Brendan Norton is imminently qualified to help recovering drug addicts.
He has a master’s degree in rehabilitation, is a certified rehabilitation counselor and works at the Prevention Council as a family support navigator.
And, just like some of the addicts that he helps now, Norton, a Saratoga Springs resident, was hooked on prescription painkillers for years.
Norton’s path through addiction and subsequent recovery has been a long one, and started on a day that he says he will never forget. Thirteen years ago, on April 16, 2005, at age 23, Norton, now 38, fell down some stairs, resulting in a severed artery in his leg.
That life-threatening injury landed him in the hospital for two months and put him through 19 surgeries, including a total knee replacement and six screws in his ankle.
From that point, Norton said, things become unclear — and he isn’t quite sure when he realized that he was hooked on painkillers.
“It’s hard to say when my addiction really started,” he said. “A lot of the details are fuzzy. It was pretty painful.”
While he was in the hospital, Norton explained that he was hooked up to a morphine pump for three weeks to ease his pain. And when he was able to leave, the hospital sent him home with 200 hydrocodone pills.
Though the pills were meant to curb his physical pain, Norton pointed out that eventually, he started taking them to numb the emotional trauma he was suffering from as well.
When he returned from the hospital, he was bedridden for two months, then was on crutches for two years. He was a student at Siena College at the time of his fall, and while he was recuperating he saw many of his friends becoming successful and moving on with their lives.
“I basically felt left behind,” Norton said. “I didn’t deal with my feelings for a very long time.”
That feeling of abandonment sent Norton spiraling deeper into addiction. He began to visit various doctors, who he says would give him pills without question because his injury warranted the prescription. He never told anyone he was taking more pills than he was prescribed, and hid his addiction continued for about seven years.
Then one day after he got a refill on his medication, Norton said he took almost the entire bottle in three days. His wife found the nearly empty bottle and gave him an ultimatum: Get clean or get out.
Norton realized he was still dealing with the painful feelings that had pushed him to take the pills, and that he hadn’t improved. The ultimatum and that moment of clarity were the things that finally made him realize he needed to turn his life around and started him down the path of recovery.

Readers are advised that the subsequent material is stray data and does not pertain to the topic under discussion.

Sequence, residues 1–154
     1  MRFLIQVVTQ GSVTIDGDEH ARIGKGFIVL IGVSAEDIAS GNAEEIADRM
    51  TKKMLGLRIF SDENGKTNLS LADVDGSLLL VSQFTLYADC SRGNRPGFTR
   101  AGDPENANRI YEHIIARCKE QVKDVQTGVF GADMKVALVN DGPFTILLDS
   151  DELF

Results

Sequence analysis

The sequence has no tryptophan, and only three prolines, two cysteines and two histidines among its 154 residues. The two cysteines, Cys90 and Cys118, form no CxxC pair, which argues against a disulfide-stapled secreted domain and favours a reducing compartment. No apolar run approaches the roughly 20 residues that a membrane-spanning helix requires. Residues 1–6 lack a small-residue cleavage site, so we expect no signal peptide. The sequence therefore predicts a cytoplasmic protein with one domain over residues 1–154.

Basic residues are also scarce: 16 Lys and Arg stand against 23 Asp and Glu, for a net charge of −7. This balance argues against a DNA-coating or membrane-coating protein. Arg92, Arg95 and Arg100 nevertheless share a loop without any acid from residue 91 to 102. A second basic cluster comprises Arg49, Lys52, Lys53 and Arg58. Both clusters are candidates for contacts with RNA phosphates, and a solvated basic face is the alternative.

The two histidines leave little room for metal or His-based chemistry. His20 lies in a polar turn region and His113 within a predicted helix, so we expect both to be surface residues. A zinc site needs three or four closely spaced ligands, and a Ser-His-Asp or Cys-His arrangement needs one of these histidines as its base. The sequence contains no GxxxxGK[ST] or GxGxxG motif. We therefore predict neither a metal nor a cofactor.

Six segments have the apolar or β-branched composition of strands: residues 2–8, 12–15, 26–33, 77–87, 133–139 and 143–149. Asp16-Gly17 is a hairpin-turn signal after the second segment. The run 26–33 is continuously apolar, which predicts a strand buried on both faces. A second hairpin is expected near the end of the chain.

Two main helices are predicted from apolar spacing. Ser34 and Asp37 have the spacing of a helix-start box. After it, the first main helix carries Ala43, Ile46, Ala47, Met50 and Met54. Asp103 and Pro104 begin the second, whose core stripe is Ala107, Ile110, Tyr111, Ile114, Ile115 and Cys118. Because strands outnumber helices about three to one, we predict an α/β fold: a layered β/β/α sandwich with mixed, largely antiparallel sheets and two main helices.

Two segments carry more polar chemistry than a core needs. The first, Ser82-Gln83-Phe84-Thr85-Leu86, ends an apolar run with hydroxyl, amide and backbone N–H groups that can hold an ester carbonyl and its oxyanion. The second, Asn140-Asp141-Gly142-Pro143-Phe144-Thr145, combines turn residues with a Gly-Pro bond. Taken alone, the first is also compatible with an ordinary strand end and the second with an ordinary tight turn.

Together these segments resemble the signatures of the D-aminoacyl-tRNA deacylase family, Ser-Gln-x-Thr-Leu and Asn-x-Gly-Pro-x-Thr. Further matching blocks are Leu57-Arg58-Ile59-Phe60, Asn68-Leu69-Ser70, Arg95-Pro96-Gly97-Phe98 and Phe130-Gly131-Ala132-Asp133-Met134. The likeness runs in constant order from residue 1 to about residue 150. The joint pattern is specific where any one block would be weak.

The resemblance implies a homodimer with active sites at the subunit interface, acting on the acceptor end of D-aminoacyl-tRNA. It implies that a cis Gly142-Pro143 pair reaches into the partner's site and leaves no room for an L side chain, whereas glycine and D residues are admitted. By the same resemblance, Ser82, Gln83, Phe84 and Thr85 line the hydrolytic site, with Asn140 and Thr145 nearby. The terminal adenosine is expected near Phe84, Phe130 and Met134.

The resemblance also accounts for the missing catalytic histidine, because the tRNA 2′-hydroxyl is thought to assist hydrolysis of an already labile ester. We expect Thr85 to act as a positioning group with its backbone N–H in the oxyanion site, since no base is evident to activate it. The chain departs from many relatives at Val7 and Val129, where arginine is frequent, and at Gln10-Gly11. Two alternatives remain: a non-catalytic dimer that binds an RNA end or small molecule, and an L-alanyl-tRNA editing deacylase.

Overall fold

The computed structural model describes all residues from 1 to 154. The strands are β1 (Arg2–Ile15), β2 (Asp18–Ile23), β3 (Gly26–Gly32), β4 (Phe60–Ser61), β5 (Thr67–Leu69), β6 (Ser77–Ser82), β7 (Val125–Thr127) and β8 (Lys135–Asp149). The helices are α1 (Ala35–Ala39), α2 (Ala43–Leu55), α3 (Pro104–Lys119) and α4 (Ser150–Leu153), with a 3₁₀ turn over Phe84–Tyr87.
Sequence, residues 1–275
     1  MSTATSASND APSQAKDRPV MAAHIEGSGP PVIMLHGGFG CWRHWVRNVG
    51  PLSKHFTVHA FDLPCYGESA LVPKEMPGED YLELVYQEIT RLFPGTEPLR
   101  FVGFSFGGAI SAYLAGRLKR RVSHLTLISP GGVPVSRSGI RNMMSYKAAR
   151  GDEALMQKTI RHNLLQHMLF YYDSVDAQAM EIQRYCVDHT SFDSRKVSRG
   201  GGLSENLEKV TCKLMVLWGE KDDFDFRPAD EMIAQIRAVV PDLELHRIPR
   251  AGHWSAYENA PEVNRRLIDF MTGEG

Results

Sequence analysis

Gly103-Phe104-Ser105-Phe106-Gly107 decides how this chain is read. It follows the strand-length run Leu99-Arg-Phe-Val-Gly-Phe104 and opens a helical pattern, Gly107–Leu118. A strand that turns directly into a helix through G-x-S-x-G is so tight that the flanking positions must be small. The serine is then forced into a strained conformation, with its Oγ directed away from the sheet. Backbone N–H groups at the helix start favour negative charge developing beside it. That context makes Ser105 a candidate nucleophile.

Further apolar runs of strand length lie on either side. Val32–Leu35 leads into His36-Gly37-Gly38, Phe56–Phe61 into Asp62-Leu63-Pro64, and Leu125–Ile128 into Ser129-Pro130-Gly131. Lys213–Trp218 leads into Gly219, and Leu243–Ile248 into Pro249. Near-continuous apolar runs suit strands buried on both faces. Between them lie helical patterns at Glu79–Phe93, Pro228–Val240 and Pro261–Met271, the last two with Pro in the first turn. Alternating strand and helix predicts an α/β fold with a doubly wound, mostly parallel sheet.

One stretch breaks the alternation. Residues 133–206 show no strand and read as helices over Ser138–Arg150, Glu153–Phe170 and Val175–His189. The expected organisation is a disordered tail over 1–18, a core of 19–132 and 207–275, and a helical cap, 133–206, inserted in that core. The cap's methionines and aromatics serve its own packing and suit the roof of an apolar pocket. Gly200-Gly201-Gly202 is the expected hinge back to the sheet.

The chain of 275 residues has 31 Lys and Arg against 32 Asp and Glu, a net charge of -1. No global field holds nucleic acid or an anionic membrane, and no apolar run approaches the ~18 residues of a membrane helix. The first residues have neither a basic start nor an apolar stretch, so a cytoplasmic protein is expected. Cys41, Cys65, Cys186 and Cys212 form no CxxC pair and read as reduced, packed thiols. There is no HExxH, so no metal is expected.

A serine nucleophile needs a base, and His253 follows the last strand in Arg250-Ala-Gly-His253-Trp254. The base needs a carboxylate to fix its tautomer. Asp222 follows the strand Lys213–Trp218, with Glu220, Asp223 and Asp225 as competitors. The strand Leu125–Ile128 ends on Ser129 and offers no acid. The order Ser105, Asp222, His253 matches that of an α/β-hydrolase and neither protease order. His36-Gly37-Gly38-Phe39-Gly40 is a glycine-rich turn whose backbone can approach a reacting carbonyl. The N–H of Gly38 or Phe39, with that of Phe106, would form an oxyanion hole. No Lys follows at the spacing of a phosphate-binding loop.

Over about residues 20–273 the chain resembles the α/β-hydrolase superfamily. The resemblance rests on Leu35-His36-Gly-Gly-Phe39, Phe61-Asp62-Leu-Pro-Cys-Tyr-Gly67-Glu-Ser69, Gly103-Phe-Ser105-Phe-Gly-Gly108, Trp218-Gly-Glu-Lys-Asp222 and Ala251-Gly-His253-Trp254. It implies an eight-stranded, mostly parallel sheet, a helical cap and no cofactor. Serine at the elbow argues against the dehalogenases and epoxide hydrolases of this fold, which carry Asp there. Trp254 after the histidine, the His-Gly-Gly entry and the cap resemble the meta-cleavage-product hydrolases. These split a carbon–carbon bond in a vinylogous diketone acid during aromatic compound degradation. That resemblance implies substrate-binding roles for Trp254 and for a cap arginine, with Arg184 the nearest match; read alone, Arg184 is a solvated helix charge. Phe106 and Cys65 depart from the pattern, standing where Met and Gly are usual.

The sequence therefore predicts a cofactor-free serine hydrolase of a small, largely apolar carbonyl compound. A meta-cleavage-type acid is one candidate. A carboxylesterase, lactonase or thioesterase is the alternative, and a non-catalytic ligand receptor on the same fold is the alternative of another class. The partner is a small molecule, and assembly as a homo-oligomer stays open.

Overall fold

“It was hard. The physical pain from going through withdrawal was the worst experience I’ve ever had,” Norton said. “All of a sudden, I’m feeling my feelings again. You just want to get out of your own skin. It’s awful.”
Norton’s recovery came from a combination of counseling and attending meetings. He’s been clean for three years but, he said, the fact that more and more people are dying from overdoses of drugs such as heroin mixed with fentanyl, which addicts buy on the street when they no longer have access to painkillers, needs to be addressed.
The problem, he said, is partly people being prescribed more pills than they need, but also the fact that there just aren’t enough treatment options for addicts.
Having more advocates prepared to immediately help addicts, including driving them to hospitals or meetings, would go a long way, Norton said. If addicts don’t have the opportunity or means to get treatment when they realize they have a problem, it could already be too late.
“People are waiting weeks to get into treatment,” he said. “Addicts need to get in when they have the moment of clarity. It may be life or death for them.”
He noted that prevention needs to start earlier and that students should be learning about the real dangers of drugs in school.
“Prevention is key,” he said.
Because of his story, Norton will be attending President Donald Trump’s State of the Union address Tuesday with U.S. Rep. Paul Tonko, D-Amsterdam. Last year, Trump declared the nationwide opioid epidemic a public health emergency, and Tonko has advocated for and proposed legislation that would broaden access to treatment for addicts.
“The spread of addiction is a public health challenge that will never be stopped by arrests and incarceration alone,” Tonko said in a statement. “Today, only about one fifth of the individuals suffering from substance use disorder are getting any type of treatment that can help them on the path to recovery. That leaves a huge gap and results in countless preventable deaths and unimaginable suffering on the part of individuals, families and struggling communities. There is hope for those suffering right now through treatment and proper support, but we must act without further delay.”
Norton is looking forward to the trip, but added that he doesn’t have all the answers about addiction. It can happen to anyone, he said, and can take them down regardless of their financial situation.
Everyone’s recovery is different, he added. Simply being there for someone struggling with addiction, and not being afraid to bring it up, could go far toward helping.
But the most important thing, Norton said, is lessening the “doom-and-gloom” aspect of the conversation when talking about addiction. He believes his story is a positive one.
Being an addict going through recovery is already harrowing, he said, and addicts need to know they aren’t alone and that no one wants to see them fail. Letting a recovering addict know there is a light at the end of the tunnel will only serve to help, he added.
“When you’re stuck in addiction, it’s hard to see positives,” Norton said. “If someone just catches a glimpse of a positive story, maybe that’ll help. Life does get better.”
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